How to Make a Herbal Tincture


Tinctures, preserving concentrating medium healing qualities herbs.  Effective small amounts enter your system seconds last indefinitely.Tinctures are an excellent medium for preserving and concentrating the healing qualities of herbs.  Tinctures are effective in small amounts because they are so concentrated.   Tinctures are usually the preferable way to take herbs because they can enter your system in seconds.  For preserving herbs, tinctures are optimal because they can last indefinitely.

Steps for making tinctures:

One: Gather your herbs
Obtain your herbs from the purest source possible; organic or wild crafted are excellent.  Grown in your own yard are the best because you have full control and the plant is under the same influences that you are.

Two: The medium
Use alcohol as the medium, I suggest vodka, gin or rum at 100 proof (100 proof means it is 50% water and 50% alcohol).
Note: Do not use rubbing, isopropyl, methyl, or wood alcohol they are poisonous.

Three: Blend the herbs and alcohol together. (For best results do this step as a farmer would, on the new moon)
Place the herbs in a blender and pour in enough alcohol to cover.  Turn on the blender at medium, then gradually to high speed; add more alcohol as needed to keep the herbs turning.  Blend the herbs until they are liquefied (looks like a sauce).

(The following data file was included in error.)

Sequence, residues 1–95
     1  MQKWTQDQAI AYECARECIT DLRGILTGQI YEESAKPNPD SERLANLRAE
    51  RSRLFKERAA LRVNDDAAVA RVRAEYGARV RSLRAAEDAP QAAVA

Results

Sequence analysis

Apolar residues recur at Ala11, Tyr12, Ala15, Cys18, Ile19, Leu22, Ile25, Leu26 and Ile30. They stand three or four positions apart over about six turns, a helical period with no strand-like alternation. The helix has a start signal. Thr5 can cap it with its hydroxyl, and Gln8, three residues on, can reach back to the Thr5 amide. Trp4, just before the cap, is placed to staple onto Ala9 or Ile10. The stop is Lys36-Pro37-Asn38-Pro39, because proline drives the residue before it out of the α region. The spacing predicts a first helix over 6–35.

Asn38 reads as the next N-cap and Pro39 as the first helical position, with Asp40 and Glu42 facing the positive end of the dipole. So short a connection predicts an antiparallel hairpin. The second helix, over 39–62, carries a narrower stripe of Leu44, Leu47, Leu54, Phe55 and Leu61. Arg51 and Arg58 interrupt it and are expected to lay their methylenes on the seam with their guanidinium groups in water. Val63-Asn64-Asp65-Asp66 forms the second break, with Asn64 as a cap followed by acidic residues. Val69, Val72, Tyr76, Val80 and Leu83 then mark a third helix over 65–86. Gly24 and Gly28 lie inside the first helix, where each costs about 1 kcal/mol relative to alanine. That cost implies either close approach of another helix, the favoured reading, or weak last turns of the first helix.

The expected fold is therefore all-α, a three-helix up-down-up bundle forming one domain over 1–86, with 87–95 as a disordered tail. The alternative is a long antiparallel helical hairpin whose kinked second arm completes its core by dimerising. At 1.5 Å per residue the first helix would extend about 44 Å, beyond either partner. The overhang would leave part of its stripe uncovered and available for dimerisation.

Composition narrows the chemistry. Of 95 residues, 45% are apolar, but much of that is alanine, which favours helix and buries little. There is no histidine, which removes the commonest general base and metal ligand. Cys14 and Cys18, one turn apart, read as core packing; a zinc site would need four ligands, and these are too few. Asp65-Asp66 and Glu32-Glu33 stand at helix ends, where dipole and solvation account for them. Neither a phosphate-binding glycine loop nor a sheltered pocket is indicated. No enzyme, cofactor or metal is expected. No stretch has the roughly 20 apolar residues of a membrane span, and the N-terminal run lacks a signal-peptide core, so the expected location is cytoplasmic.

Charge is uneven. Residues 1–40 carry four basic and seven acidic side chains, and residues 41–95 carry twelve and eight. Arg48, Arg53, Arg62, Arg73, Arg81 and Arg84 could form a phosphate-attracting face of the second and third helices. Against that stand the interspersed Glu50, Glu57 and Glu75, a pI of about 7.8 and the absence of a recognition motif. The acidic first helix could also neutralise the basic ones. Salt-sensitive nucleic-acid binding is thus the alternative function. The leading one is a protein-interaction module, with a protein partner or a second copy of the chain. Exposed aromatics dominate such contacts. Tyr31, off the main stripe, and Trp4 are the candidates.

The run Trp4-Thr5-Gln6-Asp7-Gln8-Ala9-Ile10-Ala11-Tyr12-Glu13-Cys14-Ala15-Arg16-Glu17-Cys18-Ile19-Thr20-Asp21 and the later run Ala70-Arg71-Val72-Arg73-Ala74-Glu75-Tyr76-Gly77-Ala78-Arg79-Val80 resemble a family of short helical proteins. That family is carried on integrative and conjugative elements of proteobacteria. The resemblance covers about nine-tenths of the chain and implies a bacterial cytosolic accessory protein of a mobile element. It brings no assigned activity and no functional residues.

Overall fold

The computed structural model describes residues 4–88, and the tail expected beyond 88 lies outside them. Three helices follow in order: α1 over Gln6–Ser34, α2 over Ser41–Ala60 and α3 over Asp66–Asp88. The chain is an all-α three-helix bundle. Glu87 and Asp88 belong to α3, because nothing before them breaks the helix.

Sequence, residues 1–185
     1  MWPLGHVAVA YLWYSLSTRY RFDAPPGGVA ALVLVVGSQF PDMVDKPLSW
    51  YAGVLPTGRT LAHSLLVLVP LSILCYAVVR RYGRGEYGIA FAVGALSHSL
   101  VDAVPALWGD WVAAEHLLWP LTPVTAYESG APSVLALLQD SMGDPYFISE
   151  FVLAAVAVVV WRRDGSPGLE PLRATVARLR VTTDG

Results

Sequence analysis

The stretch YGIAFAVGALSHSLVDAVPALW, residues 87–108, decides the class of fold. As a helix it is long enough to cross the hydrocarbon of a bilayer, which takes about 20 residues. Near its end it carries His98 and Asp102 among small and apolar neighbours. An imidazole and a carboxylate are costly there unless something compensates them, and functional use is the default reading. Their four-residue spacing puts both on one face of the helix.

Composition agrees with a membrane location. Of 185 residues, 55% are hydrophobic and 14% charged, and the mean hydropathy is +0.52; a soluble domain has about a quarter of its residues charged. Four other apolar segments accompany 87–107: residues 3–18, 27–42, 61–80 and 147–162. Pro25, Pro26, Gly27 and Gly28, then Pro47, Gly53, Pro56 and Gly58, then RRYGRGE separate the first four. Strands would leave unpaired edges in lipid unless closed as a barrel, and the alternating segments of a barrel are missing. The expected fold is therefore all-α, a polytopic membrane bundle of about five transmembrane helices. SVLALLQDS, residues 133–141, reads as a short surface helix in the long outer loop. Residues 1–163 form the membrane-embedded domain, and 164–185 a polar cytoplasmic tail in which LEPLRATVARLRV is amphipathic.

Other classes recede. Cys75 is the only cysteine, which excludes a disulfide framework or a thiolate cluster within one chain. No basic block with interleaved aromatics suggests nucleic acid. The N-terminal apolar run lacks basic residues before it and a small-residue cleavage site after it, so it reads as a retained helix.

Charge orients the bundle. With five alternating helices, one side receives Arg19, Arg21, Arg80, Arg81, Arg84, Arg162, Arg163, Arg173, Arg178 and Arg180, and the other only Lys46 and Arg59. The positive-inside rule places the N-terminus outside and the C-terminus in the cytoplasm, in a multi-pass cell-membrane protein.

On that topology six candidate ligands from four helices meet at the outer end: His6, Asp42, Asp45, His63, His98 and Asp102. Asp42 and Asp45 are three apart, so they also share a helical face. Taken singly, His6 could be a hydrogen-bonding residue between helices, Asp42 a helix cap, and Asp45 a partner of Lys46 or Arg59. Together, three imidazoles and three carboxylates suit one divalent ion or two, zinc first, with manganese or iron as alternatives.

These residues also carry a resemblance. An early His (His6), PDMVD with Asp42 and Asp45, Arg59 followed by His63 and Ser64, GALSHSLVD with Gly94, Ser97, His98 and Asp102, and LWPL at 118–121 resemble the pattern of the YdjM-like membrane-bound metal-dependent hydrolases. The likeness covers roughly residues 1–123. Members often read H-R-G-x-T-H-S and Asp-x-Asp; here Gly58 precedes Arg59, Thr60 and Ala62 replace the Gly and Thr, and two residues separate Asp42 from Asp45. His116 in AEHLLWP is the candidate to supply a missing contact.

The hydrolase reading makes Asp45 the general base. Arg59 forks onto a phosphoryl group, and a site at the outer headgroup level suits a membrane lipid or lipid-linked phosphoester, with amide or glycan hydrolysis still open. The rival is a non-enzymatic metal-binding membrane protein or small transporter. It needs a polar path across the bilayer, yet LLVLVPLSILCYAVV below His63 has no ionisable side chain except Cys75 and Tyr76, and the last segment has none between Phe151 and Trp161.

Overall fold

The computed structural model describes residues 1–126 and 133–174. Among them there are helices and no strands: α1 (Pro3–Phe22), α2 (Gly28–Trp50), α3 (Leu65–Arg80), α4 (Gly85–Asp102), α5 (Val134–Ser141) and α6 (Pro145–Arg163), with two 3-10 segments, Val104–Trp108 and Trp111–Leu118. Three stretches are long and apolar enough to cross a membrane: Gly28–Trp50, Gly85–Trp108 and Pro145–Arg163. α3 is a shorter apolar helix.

Four: Storage
Pour the herbs into a canning jar, seal and store in a place where there is no light (herbs are light sensitive) and take the herbs out once a day and shake.  Store the herbs this way for 3 weeks to 3 months.
Note: If you need to take this tincture now, do step five taking some of the tincture to use immediately.

Five: Separate the herbs from the alcohol (for best results do this step on the full moon)
Cover a bowel large enough to hold the herbs with cheesecloth or clean cotton cloth.  Pour your mix of herbs and alcohol into the cloth, bag up and squeeze off the tincture.

Six: Dropper bottles for use
I suggest you use tinted glass, as the tincture is light sensitive.  You can get tinted dropper bottles in various sizes in health food and drug stores.

Reference:
The Sam Biser Save Your Life User Manual: By Sam Biser and Dr. Richard Schulze, The University of Natural Healing, Inc.
Herbal Medicine-Makers Handbook, by James Green, Crossing Press, 2002

 
Important Note:
The information presented herein by The Natural Path Botanicals is intended for educational purposes only. These statements have not been evaluated by the FDA and are not intended to diagnose, cure, treat or prevent disease. Individual results may vary, and before using any supplements, it is always advisable to consult with your own health care provider.

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